Around 3000 BCE, the Sumerians had significant cultural interchange with a group in northern Mesopotamia known as the Akkadians—named after the city-state of Akkad. The Akkadian language is related to the modern languages of Hebrew and Arabic. These languages are known as Semitic languages. The term Semitic comes from the biblical character Shem, a son of Noah, the purported progenitor of Abraham and, accordingly, the Jewish and Arab people.
Around 2334 BCE, Sargon of Akkad came to power and established what might have been the world’s first dynastic empire. The Akkadian Empire ruled over both the Akkadian and Sumerian speakers in Mesopotamia and the Levant—modern day Syria and Lebanon. The Empire of Akkad collapsed in 2154 BCE, within 180 years of its founding.
The Akkadian Empire is pictured in brown. The directions of the military campaigns are shown as yellow arrows.
Map of the Akkadian Empire. Image courtesy Boundless.

Assyrian Empire

Assyria is named for its original capital, the ancient city of Ašur—also known as Ashur—in northern Mesopotamia. Ashur was originally one of a number of Akkadian-speaking city states ruled by Sargon and his descendents during the Akkadian Empire. Within several hundred years of the collapse of the Akkadian Empire, Assyria had become a major empire.
For much of the 1400 years from the late twenty-first century BCE until the late seventh century BCE, the Akkadian-speaking Assyrians were the dominant power in Mesopotamia, especially in the north. The empire reached its peak near the end of this period in the seventh century. At that time, the Assyrian Empire stretched from Egypt and Cyprus in the west to the borders of Persia—modern-day Iran—in the east. The major exceptions to Assyrian dominance were the Babylonian Empire established by Hammurabi and some more chaotic dark ages where there wasn’t a dominant power.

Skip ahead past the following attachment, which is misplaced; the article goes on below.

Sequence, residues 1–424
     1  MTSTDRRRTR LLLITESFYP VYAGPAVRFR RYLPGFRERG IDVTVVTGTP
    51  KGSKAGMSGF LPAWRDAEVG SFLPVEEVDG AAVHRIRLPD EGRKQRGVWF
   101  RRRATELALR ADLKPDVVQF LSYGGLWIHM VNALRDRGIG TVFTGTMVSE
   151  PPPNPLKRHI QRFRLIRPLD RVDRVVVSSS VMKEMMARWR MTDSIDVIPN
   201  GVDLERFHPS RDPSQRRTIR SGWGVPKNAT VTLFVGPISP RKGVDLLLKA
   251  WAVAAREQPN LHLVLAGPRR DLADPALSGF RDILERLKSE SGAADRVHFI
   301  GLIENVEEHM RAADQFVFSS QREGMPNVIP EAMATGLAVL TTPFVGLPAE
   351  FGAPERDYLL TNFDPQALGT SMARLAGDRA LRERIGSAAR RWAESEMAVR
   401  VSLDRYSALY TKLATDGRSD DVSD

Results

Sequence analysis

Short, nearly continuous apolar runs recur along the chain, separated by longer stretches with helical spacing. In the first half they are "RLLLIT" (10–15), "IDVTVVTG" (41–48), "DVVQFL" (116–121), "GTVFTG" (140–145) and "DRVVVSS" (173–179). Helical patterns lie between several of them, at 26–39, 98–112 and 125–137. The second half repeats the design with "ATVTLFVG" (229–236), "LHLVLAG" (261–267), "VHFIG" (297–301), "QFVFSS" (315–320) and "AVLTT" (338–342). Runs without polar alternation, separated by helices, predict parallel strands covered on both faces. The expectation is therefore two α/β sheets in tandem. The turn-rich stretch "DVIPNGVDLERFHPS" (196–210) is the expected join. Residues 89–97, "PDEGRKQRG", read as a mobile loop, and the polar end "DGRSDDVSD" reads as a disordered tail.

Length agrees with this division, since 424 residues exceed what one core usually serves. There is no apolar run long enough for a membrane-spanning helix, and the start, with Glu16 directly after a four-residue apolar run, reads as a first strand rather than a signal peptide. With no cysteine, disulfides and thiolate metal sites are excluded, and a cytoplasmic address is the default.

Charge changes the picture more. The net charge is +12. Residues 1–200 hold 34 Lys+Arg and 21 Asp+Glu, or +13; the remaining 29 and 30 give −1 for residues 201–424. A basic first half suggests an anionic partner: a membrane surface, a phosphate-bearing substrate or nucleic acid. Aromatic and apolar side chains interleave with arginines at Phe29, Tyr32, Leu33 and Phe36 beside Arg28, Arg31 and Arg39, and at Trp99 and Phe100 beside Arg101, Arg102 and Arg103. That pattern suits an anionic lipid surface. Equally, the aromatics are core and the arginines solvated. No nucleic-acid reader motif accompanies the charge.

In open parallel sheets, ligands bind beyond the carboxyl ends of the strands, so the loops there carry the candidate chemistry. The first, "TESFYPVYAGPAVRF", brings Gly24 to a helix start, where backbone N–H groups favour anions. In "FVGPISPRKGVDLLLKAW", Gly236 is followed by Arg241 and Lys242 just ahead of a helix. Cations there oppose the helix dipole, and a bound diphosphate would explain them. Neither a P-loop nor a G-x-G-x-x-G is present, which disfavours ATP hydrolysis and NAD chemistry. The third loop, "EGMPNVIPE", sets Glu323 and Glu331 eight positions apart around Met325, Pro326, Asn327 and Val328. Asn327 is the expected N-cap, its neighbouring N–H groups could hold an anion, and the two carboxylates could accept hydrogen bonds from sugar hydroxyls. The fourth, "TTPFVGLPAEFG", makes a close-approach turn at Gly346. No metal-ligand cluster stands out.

Babylon

Map of Babylonia at the time of Hamurabi. Map is of the Tigris and Euphrates rivers and the surrounding areas. Empire highlighted in brown and, near Babylon, red.
The extent of the Babylonian Empire at the start and end of Hammurabi's reign. Image courtesy Boundless.
Babylon was a minor city-state in central Mesopotamia for a century after it was founded in 1894 BCE. Things changed with the reign of Hammurabi, from 1792 to 1750 BCE. He was an efficient ruler, establishing a centralized bureaucracy with taxation. Hammurabi freed Babylon from foreign rule and then conquered the whole of southern Mesopotamia, bringing stability and the name of Babylonia to the region.
One of the most important works of this First Dynasty of Babylon was the compilation in about 1754 BCE of a code of laws, called the Code of Hammurabi, which echoed and improved upon the earlier written laws of Sumer, Akkad, and Assyria. It’s similar to the Sumerian king Ur-Nammu of Ur’s code, written from 2100 to 2050 BCE. Hammurabi’s code is one of the oldest deciphered writings of significant length in the world. Written in about 1754 BCE by the sixth king of Babylon, Hammurabi, the Code was written on stone stele—slabs—and clay tablets. The Code consists of 282 laws with scaled punishments depending on social status, adjusting "an eye for an eye, a tooth for a tooth". For example, if a person from a noble class broke an enslaved person’s arm, they would have to pay a fine, whereas if a noble person broke another noble person's arm, the offending noble would have their arm broken. Some have seen the Code as an early form of constitutional government, the presumption of innocence, and the ability to present evidence in one's case.
The Babylonian Empire established by Hammurabi lasted for 260 years until Babylon got sacked by invaders in 1531 BCE. In the period between 626 BCE and 539 BCE, Babylon asserted itself again over the region with the Neo-Babylonian Empire. This new empire was overthrown in 539 BCE by the Persians who then ruled over the region until the time of Alexander the Great, 335 BCE.

What do you think?

  • Why did Mesopotamian rulers decide to build ziggurats if they required such massive amounts of human labor?
  • How did trade with faraway civilizations likely impact Mesopotamians’ views of the world?
Attributions:
Partially adapted from "Ancient Mesopotamian Civilizations" from Boundless World History, "CC BY-SA 4.0"